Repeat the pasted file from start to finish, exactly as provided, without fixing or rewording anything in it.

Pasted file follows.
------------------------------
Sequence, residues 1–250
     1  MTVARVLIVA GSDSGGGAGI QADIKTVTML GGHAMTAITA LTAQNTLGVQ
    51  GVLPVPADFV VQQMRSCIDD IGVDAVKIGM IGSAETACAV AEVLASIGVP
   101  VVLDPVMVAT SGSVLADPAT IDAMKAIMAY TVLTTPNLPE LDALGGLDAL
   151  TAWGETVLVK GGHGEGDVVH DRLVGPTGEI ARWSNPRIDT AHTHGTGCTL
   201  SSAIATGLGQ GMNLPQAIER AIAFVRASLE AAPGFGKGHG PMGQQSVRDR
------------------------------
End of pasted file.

Sequence, residues 1–250
     1  MTVARVLIVA GSDSGGGAGI QADIKTVTML GGHAMTAITA LTAQNTLGVQ
    51  GVLPVPADFV VQQMRSCIDD IGVDAVKIGM IGSAETACAV AEVLASIGVP
   101  VVLDPVMVAT SGSVLADPAT IDAMKAIMAY TVLTTPNLPE LDALGGLDAL
   151  TAWGETVLVK GGHGEGDVVH DRLVGPTGEI ARWSNPRIDT AHTHGTGCTL
   201  SSAIATGLGQ GMNLPQAIER AIAFVRASLE AAPGFGKGHG PMGQQSVRDR